In "photos" on a macbook, there is an option to zoom in a photo up to 400 percent. Is it normal to see some pixelation when fully zoomed in?
400% is not just fully zoomed in - it is much more than fully zoomed in. In some cases it may be beneficial to view photos at 100% but I can't think of a use-case for viewing at more than that. To answer your question, it would be very strange (or completely incorrect and misleading even) if you didn't see pixelation at 400% magnification.
The iPhone 6's rear camera shoots 3264 x 2448 pixel photos.
If you zoom in 4 times, you're looking at a quarter of those pixels, which is 816 x 612 pixels.
Your monitor likely displays 1920 x 1080 pixels or larger. If you want to display a 816 x 612 pixel image on the entirety of such a monitor, it has to 'stretch out' these pixels so it fills up the monitor. If you assume 100% to fit the monitor exactly, 400% means you're showing 1 pixel of the photo on 4 pixels on the monitor- which would show as 'pixelated'
In short: yes, it's entirely normal
In regard to John's comment
Some clarification about the difference between viewing at 400% and zooming in 4 times:
Seeing as how your iPhone's camera shoots photos with more pixels than the monitor you're using, viewing the photos at 100% would mean they're 'zoomed in' in your monitor.
Zooming in 4 times would not necessarily create the same image as viewing at 400%. This depends on the monitor size and the starting point before zooming in.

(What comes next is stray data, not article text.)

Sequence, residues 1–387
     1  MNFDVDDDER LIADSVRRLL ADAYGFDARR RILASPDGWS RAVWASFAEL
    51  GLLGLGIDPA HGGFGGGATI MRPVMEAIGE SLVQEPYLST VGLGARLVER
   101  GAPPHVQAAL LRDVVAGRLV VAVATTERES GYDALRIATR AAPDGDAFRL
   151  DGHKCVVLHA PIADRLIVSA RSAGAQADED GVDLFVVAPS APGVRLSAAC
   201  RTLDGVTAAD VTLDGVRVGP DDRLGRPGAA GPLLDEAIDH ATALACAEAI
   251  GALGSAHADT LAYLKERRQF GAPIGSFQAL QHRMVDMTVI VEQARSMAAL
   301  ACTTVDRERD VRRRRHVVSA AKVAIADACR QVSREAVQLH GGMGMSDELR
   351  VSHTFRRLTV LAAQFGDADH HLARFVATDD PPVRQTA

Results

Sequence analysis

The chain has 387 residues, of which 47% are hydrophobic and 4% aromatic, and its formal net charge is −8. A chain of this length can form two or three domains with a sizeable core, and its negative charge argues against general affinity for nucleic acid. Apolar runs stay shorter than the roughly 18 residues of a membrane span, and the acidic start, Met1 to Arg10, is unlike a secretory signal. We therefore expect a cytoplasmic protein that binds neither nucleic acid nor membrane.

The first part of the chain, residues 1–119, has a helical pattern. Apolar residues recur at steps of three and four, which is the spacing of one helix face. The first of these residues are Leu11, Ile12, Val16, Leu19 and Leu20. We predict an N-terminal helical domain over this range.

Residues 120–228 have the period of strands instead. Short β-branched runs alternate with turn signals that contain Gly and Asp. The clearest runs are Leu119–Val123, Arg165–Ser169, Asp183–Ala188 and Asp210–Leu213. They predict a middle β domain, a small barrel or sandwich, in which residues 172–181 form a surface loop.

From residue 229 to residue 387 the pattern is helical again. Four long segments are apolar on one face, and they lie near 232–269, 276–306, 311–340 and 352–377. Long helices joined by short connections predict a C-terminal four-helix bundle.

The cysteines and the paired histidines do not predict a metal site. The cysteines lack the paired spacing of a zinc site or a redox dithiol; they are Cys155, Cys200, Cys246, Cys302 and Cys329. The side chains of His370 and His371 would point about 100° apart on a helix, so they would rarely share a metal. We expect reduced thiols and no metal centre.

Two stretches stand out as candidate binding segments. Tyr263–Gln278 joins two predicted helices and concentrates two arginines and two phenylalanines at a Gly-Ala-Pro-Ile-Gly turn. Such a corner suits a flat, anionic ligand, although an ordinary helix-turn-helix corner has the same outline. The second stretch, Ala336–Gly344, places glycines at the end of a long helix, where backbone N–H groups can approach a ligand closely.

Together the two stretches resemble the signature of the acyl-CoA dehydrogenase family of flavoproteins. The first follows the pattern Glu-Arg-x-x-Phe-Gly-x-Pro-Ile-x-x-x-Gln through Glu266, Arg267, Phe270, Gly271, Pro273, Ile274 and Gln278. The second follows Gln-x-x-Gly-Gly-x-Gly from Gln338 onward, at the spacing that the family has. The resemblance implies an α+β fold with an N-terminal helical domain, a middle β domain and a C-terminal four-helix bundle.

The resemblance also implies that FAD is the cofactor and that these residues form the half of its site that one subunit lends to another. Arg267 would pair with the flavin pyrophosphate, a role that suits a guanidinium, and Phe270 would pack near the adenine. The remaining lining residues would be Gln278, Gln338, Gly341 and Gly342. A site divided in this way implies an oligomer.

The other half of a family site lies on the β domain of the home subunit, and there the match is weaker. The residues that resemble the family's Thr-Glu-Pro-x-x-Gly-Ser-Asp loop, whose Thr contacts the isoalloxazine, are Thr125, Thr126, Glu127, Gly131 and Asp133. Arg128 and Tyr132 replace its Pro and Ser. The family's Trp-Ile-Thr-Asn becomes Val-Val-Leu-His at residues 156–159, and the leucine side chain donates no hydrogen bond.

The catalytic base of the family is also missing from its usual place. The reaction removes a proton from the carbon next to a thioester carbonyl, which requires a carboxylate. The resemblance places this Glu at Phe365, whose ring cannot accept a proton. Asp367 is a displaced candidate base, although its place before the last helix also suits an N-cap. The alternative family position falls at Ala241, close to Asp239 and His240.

This aside, zooming in and viewing at a certain scale will always mean a certain amount of pixelation if the number of pixels to be displayed is lower than the pixels the monitor consists of
It is normal to see pixelation when zooming in past 100%. It's also normal to not see pixelation.
To zoom in to 100% means there is a 1-1 correspondence between the image pixels and display pixels. When zooming in past 100%, there are "gaps" between pixels that need to be filled in for display. (May be thought of as "stretching out" the pixels to fill the screen.)
Filling in the "gaps" between pixels is known as interpolation. Some methods result in a pixelated appearance (nearest neighbor). Others won't (bilinear, cubic, sinc/lanczos). The interpolation method can be selected in most image viewers. Some programs may refer to them by complexity instead of name (fastest, fast, good, better, best, etc).